While Gatling guns didn't change the outcome of the Civil War (unlike some technology that certainly could have), they played a major part in the colonial wars of the next 50 years. During that time, the Maxim gun appeared, a true machine gun that replaced Gatling guns by the start of World War I.

Musing on the Maxim gun's role in colonial wars, British poet Hilaire Belloc quipped "Whatever happens, we have got / The Maxim gun, and they have not." The bloodiness of WWI, with tens of thousands dying in single days while charging machine guns, is in no small part a result of this evolution in weaponry.


    






August 21 2013

21:30

This Scientist Helped Quietly Save The World From Soviet Nukes

Siegfried Hecker spent more than a decade securing a nuclear test site the size of New Jersey.

When the Soviet Union broke apart at the end of the Cold War, several of its military and science facilities fell into disrepair. One of them, the Semipalatinsk Test Site, just happened to be a nuclear test site the size of New Jersey and filled with leftover nuclear material that could potentially be made into weapons. Abandoned in what is today Kazakhstan, the test site is much less of a danger to the world, thanks to the quiet work of Russian, Kazakh, and American scientists over more than a decade, which as the Times reported over the weekend, is revealed in a new report published this month.

Siegfried Hecker was crucial to the American part of that equation. A former director of Los Alamos National Laboratory, he became interested in Semipatalinsk after Kairat Kadyrzhanov, director of the Kazakh Institute of Nuclear Physics, visited Los Alamos. Kadyrzhanov spoke of the site's problems, including radioactive hot spots and copper thieves. Here Hecker describes the scene on the ground when he arrived in 1998.

I was alarmed to find unmanned guard posts and virtually no security at the site. My Los Alamos colleagues and I became convinced that Semipalatinsk was not only a serious proliferation problem, but also an urgent one. The copper cable thieves were not nomads on camelback, but instead they employed industrial excavation machinery and left kilometers of deep trenches digging out everything they could sell. We were concerned that some of that copper cabling could lead to plutonium residues.

Following that 1998 visit, Hecker worked with Washington, Moscow, and Astana to clean up the site. Stanford has an excellent interview with Hecker, who is now a research professor and senior fellow at Stanford's Center for International Security and Cooperation. It covers everything from how they secured the site to which nuclear fears still keep Hecker up at night.

[Center for International Security and Cooperation.]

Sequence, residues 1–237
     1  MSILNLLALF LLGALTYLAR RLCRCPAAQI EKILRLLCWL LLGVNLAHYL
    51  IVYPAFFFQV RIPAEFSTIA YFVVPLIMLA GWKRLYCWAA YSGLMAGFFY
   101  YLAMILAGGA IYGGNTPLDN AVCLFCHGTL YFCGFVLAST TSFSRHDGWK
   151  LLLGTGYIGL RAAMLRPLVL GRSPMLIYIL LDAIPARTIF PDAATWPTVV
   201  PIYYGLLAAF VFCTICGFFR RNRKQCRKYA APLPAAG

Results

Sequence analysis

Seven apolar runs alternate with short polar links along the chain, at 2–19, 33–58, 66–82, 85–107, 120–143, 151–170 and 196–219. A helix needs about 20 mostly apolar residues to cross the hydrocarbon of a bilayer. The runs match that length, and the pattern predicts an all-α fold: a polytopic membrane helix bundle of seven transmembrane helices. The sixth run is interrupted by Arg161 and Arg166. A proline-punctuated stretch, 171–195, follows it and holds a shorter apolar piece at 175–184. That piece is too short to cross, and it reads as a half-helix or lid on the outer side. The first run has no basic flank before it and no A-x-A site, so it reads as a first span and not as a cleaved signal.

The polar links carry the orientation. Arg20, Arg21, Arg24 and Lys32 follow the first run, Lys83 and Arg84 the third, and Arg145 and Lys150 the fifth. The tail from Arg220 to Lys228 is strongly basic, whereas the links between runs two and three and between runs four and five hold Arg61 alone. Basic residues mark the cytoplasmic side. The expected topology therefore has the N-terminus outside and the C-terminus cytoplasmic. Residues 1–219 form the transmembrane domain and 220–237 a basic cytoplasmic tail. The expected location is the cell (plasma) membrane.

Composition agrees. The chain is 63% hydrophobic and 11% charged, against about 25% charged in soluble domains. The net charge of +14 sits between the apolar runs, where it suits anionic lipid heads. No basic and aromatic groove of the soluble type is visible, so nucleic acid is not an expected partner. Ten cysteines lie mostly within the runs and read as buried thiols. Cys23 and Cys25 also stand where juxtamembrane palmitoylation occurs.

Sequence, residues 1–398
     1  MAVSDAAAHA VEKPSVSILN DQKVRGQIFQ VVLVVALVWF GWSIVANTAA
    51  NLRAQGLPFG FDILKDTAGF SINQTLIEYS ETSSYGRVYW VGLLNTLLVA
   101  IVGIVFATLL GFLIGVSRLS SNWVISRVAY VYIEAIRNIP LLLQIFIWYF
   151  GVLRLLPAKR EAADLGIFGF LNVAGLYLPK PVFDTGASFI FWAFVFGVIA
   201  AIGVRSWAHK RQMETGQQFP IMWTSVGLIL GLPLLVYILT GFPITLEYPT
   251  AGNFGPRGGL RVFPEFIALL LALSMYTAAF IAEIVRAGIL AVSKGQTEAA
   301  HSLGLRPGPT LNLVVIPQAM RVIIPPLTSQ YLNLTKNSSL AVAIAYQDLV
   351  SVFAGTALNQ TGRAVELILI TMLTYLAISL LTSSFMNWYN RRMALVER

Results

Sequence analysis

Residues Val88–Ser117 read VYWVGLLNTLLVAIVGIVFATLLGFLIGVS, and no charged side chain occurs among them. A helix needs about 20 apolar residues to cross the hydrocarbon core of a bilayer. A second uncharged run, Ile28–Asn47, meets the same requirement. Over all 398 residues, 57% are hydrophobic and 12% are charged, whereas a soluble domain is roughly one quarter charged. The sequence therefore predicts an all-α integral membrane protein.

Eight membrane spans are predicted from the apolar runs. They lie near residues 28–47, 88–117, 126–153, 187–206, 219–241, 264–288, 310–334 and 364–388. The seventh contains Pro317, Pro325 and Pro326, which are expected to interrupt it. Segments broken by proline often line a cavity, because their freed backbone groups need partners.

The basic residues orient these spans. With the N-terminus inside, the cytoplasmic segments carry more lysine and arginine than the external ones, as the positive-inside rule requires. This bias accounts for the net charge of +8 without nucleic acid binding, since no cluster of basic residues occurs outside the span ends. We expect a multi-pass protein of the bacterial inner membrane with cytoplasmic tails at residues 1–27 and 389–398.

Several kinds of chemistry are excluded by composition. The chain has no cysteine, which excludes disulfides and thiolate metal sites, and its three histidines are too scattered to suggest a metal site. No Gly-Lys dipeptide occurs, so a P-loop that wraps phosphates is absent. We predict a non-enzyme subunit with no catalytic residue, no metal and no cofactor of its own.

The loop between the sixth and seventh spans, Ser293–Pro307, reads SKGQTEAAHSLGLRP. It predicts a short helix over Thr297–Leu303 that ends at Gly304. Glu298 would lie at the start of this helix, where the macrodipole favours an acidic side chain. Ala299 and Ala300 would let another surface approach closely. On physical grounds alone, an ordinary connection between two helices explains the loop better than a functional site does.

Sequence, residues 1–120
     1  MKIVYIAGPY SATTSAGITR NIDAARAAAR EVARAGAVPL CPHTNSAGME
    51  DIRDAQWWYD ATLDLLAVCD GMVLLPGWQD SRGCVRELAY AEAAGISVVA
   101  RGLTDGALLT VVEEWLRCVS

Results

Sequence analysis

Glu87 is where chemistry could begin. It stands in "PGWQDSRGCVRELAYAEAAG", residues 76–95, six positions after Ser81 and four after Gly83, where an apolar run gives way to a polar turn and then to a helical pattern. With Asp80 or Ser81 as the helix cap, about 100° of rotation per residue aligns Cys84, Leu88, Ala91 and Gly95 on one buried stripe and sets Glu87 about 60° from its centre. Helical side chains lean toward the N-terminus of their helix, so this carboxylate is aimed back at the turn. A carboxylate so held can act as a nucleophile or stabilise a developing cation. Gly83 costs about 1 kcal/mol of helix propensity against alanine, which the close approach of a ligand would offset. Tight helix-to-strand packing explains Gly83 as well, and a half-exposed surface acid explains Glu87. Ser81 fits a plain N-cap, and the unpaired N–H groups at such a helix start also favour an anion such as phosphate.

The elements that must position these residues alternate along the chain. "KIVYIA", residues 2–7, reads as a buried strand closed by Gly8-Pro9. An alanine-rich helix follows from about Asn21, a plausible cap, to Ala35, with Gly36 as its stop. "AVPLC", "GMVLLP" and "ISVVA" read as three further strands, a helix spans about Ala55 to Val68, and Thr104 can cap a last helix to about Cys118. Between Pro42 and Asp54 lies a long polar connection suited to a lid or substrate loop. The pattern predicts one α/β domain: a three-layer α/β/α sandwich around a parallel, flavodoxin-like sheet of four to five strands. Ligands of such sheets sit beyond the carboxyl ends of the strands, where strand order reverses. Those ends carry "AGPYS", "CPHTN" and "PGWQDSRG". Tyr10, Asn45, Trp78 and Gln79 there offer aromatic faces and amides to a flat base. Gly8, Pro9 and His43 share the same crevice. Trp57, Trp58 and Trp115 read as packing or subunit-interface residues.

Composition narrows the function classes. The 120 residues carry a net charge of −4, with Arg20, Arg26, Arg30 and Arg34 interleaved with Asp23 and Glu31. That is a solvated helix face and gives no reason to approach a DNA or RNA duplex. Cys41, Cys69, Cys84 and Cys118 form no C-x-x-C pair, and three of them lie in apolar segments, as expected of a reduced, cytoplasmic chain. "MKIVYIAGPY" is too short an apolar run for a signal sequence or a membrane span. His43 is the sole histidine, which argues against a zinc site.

21:30

This Scientist Helped Quietly Save The World From Soviet Nukes

Kurchatov city, the center of the Semipalatinsk nuclear test site

Wikimedia Commons

Siegfried Hecker spent more than a decade securing a nuclear test site the size of New Jersey.

When the Soviet Union broke apart at the end of the Cold War, several of its military and science facilities fell into disrepair. One of them, the Semipalatinsk Test Site, just happened to be a nuclear test site the size of New Jersey and filled with leftover nuclear material that could potentially be made into weapons. Abandoned in what is today Kazakhstan, the test site is much less of a danger to the world, thanks to the quiet work of Russian, Kazakh, and American scientists over more than a decade, which as the Times reported over the weekend, is revealed in a new report published this month.

Siegfried Hecker was crucial to the American part of that equation. A former director of Los Alamos National Laboratory, he became interested in Semipatalinsk after Kairat Kadyrzhanov, director of the Kazakh Institute of Nuclear Physics, visited Los Alamos. Kadyrzhanov spoke of the site's problems, including radioactive hot spots and copper thieves. Here Hecker describes the scene on the ground when he arrived in 1998.

I was alarmed to find unmanned guard posts and virtually no security at the site. My Los Alamos colleagues and I became convinced that Semipalatinsk was not only a serious proliferation problem, but also an urgent one. The copper cable thieves were not nomads on camelback, but instead they employed industrial excavation machinery and left kilometers of deep trenches digging out everything they could sell. We were concerned that some of that copper cabling could lead to plutonium residues.

Following that 1998 visit, Hecker worked with Washington, Moscow, and Astana to clean up the site. Stanford has an excellent interview with Hecker, who is now a research professor and senior fellow at Stanford's Center for International Security and Cooperation. It covers everything from how they secured the site to which nuclear fears still keep Hecker up at night.

[Center for International Security and Cooperation.]


    






17:45

No One Wants To Be A Drone Pilot, U.S. Air Force Discovers

The Air Force's drone program is too unmanned for its own good.

While the vast majority of U.S. Air Force pilots still control their aircraft from inside the cockpit, about 8.5 percent are drone pilots who operate their vehicles remotely. That percentage is expected to grow, but there's a problem: the Air Force can't get enough people to volunteer for the training, according to a new report written by Air Force Colonel Bradley Hoagland for the Brookings Institution think tank.